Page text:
But for these girls this was all that they knew - and there were many hardline supporters of the regime up until the very end. However, like many who live under such a rigid, totalitarian regime (ie: Stalinist Russia, Communist China, Fascist Spain, or any other number of military dictatorships worldwide), to survive you toe the party line and keep your thoughts and feelings to the contrary to yourself - and there are many documented stories of those who did so out of fear of torture and death - for themselves and their families.

The definition of a military regime is as follows:
A military regime is a form of government wherein the political power resides with the armed forces. The military is the legitimate power-holding group that centralizes political and legal authority. Military regimes are generally held together by their egalitarian belief in equal political, economic, social, and civil rights for all people. Thus, military regimes emerge most often as products of political, economic, and societal crises to replace weak executives and governments. 

Back to the girls and their stories. What an eye-opener! Some of these left me lost for words - just sitting there, staring at the pages I had just read. How many readers just assume that these girls lived idyllic lives, completely oblivious to the world around them - I am sure there were some that did. But these women looked back on their lives and many recounted stories of verbal, physical and sexual abuse (at the hands of those who were supposed to revere them as paragons of Germanic virtue); of personal hardship and of surviving against all odds (scavenging for food, salvaging the dead from bombed out cities); of fighting for their country (especially in the final defense of Berlin); and in the years that followed (for it was the women who took on the initial role of rebuilding). 

The roles of the women was varied - though collated for us in the chapters: we are introduced to office and factory workers; women of the Red Cross; the women who took on a military role; and those that incurred the hatred of so many, the camp guards. Some of the stories are chilling to say the least, others are peppered with humour; all are personal and viewed through the eyes of those who lived through it all - they are, ".. a physical connection to the history ..". Many struggled post-war and found it hard to talk about this period, especially now with all the backlash and attitudes to acknowledging events in the past.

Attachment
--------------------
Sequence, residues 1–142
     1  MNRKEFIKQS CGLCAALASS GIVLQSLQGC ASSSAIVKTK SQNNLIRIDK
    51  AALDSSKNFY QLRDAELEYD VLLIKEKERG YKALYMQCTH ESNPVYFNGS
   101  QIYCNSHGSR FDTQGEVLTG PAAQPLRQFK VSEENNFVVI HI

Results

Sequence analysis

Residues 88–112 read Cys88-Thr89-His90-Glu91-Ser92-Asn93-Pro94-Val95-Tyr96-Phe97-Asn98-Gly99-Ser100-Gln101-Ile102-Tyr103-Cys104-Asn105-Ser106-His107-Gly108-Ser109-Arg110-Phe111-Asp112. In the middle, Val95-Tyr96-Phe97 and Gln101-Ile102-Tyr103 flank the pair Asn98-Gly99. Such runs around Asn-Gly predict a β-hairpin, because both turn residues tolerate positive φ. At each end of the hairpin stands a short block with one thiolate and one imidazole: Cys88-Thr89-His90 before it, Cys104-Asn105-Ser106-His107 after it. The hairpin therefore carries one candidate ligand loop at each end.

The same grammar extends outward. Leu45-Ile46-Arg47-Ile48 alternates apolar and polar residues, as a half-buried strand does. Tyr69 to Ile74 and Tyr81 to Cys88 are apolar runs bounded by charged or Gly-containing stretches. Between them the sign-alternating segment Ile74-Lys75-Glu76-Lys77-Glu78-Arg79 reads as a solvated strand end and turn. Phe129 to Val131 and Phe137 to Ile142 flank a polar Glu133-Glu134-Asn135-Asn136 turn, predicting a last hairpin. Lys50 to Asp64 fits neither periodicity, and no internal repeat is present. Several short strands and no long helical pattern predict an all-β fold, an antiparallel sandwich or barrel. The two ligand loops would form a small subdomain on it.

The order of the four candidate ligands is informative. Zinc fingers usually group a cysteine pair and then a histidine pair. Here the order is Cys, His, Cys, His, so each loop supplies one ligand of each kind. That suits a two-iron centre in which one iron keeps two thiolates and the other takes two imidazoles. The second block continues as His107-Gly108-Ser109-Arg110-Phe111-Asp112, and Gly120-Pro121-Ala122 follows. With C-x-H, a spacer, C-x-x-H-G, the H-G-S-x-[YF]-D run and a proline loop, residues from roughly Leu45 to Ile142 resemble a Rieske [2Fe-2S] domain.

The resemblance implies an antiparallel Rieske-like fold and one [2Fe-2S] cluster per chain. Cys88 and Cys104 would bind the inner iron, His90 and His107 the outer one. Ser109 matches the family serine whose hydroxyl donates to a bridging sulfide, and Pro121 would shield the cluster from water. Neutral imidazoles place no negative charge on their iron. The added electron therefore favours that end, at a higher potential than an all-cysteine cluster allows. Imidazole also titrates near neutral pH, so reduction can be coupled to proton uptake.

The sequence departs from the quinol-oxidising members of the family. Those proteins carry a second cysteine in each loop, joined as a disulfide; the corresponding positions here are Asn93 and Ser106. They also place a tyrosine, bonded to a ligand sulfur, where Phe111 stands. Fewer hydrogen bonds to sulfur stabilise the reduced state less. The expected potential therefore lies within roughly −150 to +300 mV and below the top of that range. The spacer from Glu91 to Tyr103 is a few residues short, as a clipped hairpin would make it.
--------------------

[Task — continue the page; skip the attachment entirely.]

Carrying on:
This isn't just a glorifcation of what once was nor a voyeuristic view of cruelty perpetuated at the hands of a few; it is the stories of women - mere girls at the time - and of how they lived and survived in a time many of us today were lucky not to have. And maybe, just maybe, when you come to the end, you shed a little tear for the loss of so much innocence.

The final word goes to Adelen Muller:
" .... an English soldier once asked me if I felt it was all worth it. I told him, 'These things are only worth it if you win the fight. If you are the loser it is never worth it' ..."
and to author Tim Heath:
".... There are few of us who will depart this earth with a completely clear conscious on how we have lived our lives. Our unhappy chapters are often conveniently suppressed, becoming mercifully blurred by time and overtaken by the happier events of our lives .... " 
and the Bible - The Gospel According to John:
'...  He that is without sin among you, let him first cast a stone at her .."